The dating app Bumble announced on 9th November that it is changing how its “unmatch” feature works in an effort to better prioritize user safety. The change will make it more difficult for a bad actor or harasser to use the app’s unmatch feature in order to avoid having their conversation reported to Bumble’s safety team.
Before, when either side of a match opted to unmatch the other, the conversation simply would be deleted. This, however, could be used by a harasser to leave a conversation and therefore destroy the evidence before the victim of their harassment had a chance to report them.
Following the update, Unmatch function will only delete the chat history of the party who initiated the unmatch; for the person who was unmatched, all chat history and the counterpart’s avatar will retain, just the color will be gray.
If the unmatched person click into the chat, they will see a message informing them that the counterpart has left. Beneath there will also be a banner offering access to support and “Help” button. If there are no issues with the chat, the user can choose to delete the chat history.
If a user acted inappropriately in violation of Bumble’s rules, even if he has clicked Unmatch and exited the chat, the party who was unmatched can still report him. Bumble said that keeping user chat records allows the company to monitor harassment. At the same time, Bumble also pointed out that Bumble is currently the only dating app that provides this function, which makes it different from other dating apps.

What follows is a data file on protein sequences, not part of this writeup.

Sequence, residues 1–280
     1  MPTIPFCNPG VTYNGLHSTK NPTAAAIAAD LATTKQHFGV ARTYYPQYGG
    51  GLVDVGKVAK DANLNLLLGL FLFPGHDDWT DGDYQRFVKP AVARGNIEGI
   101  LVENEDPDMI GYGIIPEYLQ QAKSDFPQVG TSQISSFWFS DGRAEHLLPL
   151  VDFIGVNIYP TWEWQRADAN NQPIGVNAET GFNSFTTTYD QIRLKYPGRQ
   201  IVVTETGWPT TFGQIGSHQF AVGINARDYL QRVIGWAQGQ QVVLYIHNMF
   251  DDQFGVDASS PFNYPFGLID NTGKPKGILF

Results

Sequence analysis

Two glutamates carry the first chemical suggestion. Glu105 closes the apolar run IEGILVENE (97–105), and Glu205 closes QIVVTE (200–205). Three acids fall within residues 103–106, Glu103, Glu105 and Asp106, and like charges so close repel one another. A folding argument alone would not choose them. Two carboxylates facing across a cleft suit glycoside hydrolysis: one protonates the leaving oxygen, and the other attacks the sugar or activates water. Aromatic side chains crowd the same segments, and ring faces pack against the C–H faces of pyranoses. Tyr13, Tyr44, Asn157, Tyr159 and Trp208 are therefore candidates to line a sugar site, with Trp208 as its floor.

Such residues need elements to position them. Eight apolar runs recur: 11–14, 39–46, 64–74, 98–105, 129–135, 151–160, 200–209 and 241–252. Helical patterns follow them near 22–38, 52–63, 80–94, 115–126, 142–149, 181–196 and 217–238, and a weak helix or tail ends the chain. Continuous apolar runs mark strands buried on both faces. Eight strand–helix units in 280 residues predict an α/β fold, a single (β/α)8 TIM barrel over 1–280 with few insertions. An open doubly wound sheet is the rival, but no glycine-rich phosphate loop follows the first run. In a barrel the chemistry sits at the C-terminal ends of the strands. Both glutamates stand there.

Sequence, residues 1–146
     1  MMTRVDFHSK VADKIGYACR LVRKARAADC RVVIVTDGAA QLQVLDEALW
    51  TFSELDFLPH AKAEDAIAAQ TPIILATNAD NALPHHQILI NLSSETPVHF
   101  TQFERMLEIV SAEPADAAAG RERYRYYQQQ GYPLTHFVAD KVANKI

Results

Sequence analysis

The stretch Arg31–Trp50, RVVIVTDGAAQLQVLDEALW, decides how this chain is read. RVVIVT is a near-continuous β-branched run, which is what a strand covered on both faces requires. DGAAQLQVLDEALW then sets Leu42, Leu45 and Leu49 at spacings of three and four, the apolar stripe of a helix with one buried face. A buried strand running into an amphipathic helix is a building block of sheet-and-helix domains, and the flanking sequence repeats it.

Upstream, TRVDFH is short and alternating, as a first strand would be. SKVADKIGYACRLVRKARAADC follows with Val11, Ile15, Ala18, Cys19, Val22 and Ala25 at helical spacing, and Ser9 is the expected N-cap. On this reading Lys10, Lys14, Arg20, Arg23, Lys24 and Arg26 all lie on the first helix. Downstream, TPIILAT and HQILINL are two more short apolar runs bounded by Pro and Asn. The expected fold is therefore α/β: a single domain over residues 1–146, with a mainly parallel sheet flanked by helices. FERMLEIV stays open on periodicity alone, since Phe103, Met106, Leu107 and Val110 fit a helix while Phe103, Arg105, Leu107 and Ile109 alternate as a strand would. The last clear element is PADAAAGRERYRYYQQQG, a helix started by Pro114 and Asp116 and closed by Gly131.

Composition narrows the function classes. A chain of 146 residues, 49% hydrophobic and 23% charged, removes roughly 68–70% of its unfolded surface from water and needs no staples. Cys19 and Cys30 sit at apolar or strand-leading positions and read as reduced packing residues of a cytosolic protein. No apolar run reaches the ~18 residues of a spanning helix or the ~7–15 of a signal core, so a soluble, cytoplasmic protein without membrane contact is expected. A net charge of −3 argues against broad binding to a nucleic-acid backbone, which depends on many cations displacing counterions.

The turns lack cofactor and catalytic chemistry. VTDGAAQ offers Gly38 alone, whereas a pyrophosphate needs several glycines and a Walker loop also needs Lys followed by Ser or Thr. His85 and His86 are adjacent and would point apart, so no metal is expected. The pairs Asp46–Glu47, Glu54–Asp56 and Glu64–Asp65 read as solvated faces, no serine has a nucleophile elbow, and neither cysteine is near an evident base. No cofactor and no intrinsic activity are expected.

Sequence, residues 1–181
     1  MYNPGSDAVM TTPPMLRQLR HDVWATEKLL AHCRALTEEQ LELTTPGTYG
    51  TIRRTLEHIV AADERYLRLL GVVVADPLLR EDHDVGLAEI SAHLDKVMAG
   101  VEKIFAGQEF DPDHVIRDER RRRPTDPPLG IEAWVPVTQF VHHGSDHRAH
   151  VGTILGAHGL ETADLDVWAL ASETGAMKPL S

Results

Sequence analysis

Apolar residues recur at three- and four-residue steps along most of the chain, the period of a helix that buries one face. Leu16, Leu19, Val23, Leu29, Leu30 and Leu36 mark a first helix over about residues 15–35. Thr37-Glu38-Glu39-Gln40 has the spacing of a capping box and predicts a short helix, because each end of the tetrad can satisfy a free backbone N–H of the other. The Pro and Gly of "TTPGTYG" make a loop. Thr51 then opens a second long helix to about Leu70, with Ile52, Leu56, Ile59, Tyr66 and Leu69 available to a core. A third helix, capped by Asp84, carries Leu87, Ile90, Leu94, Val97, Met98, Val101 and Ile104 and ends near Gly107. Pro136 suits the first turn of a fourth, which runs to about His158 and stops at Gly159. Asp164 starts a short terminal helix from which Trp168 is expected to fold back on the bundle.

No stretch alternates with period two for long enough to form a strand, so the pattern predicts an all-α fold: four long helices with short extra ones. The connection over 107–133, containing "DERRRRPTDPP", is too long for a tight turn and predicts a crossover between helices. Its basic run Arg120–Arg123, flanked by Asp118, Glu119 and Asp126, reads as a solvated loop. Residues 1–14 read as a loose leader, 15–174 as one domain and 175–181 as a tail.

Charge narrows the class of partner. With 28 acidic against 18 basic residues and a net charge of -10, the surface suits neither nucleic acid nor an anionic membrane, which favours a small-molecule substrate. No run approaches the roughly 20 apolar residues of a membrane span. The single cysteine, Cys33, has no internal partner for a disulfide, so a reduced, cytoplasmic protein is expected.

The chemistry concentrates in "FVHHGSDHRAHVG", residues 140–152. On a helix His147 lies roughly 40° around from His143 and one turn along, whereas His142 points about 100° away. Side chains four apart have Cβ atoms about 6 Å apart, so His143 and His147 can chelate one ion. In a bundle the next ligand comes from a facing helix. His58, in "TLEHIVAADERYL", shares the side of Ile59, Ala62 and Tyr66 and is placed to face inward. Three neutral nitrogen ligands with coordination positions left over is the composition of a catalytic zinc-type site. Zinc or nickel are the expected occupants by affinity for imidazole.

Previously, the Australian Broadcasting Corporation (ABC) conducted a survey of 231 respondents who had used the Tinder app. The results showed that 48 out of 231 survey respondents had reported to the Tinder team, stating that they had suffered some form of sexual harassment on the platform, but only 11 respondents received a response. These survey respondents also stated that Tinder team did not take any further measures after receiving the report.
After the investigation piece was published, Tinder announced that it would update its reporting mechanism. The updated Tinder will allow users to report in the app or via email. At the same time, the platform team will also provide corresponding consultation and assistance for the reporting users, but Tinder did not address the issue with the function of dating app.
ABC's report shows that harassers on the Tinder platform can easily delete all chat history through the "Unmatch" function, so that victims have no definite evidence to complain and report.
However, although Bumble took the lead in keeping the chat history of potential harassers, it still showed the obvious deficiencies in the security features of dating apps, and many manufacturers did not consider the security vulnerabilities in the apps when building dating platforms. A survey released by ProPublica last year showed that Tinder and many other top dating apps did not even screen for sexual offenders.
Bumble’s new feature is rolling out now.
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